With no revision, the price of petrol in Delhi remained Rs 105.84 a litre and Rs 111.77 per litre in Mumbai, according to a price notification of state-owned fuel retailers. In Mumbai, diesel rates also remained static at Rs 102.52 a litre; while in Delhi it costs Rs 94.57, the same as on Sunday.
The price pause comes after the rates rose for four straight days when the rates of both petrol and diesel rose by Rs 1.40 paise per litre. There was no change in the rates also on October 12 and 13.
Diesel prices have increased on 19 out of the last 25 days taking up its retail price by Rs 5.95 per litre in Delhi.
With diesel prices rising sharply, the fuel is now available at over Rs 100 a litre in several parts of the country. This dubious distinction was earlier available to petrol that had crossed Rs 100 a litre-mark across the country a few months earlier.
Petrol prices had maintained stability since September 5, but oil companies finally raised the pump prices last week. Petrol prices have also risen on 16 of the previous 21 days taking up the pump price by Rs 4.65 per litre.
Crude prices have been on a surge rising over a three-year high level of over $ 85.7 a barrel now. It has softened a bit, falling below $ 85 a barrel now. Since September 5, when both petrol and diesel prices were revised, the price of petrol and diesel in the international market is higher by around $9-10 per barrel as compared to the average prices during August.
Markets open on a positive note
The 30-scrip Sensitive Index (Sensex) on Tuesday opened on a positive note during the morning trade.
The Sensex of the BSE opened at 62,156.48 points and touched a high of 62,159.29 points. The Sensex touched a low of 61,964.41 points.
On Monday, the Sensex closed at 61,765.59 points.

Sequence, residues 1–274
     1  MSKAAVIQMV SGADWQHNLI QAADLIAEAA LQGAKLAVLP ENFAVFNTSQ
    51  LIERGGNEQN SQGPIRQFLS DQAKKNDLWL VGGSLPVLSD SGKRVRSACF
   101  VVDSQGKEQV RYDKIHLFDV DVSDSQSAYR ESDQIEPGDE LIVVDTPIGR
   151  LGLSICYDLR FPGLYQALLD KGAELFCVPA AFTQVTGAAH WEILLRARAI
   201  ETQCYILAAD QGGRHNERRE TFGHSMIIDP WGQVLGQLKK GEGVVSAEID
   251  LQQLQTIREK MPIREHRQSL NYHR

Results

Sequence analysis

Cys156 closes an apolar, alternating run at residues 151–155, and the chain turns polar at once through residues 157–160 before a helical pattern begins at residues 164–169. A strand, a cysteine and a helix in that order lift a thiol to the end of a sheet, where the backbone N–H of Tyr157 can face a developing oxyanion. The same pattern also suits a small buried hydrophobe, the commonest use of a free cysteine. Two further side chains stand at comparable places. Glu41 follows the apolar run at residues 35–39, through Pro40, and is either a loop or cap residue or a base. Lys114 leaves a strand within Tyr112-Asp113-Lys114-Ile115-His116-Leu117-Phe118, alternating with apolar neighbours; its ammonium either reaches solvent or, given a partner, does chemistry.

The Sensex is trading at 62,061.59 points, up by 296.00 points or 0.48 per cent.
On the other hand, the broader 50-scrip Nifty at National Stock Exchange (NSE) opened at lower note at 18,602.35 points after closing at 18,477.05 points.
The Nifty is trading at 18,549.55 points in the morning.
Petrol, diesel prices rise again, burn bigger holes in consumers’ pockets
Petrol and diesel price rose again on Friday taking its retail rates to record high levels across the country affecting consumers this festive season.
Accordingly, in the national capital, petrol and diesel prices increased by 35 paisa per litre to Rs 105.14 per litre and Rs 93.87 per litre, respectively.
In India’s financial capital of Mumbai, petrol became costlier by 34 paisa per litre to Rs 111.09 a litre on Friday, the highest across all the four metro cities. Diesel also costs Rs 101.77 for one litre in Mumbai.
The price hike on Friday is for a second consecutive day after the rates remained static on Tuesday and Wednesday.
Diesel prices now have increased on 17 out of the last 21 days taking up its retail price by Rs 5.25 per litre in Delhi.
With diesel price rising sharply, the fuel is now available at over Rs 100 a litre in several parts of the country. This dubious distinction was earlier available to petrol that had crossed Rs 100 a litre mark across the country a few months earlier.
Petrol prices had maintained stability since September 5 but oil companies finally raised its pump prices last week and this week given a spurt in the product prices lately. Petrol prices have also risen on 14 of the previous 17 days taking up its pump price by Rs 3.95 per litre.
OMCs had preferred to maintain their watch prices on global oil situation before making any revision in prices. This is the reason why petrol prices were not revised for last three weeks. But extreme volatility in global oil price movement has now pushed OMCs to effect the increase.
Crude price has been on a surge rising over three year high level of over $84.5 a barrel now. Since September 5 when both petrol and diesel prices were revised, the price of petrol and diesel in the international market is higher by around $9-10 per barrel as compared to average prices during August.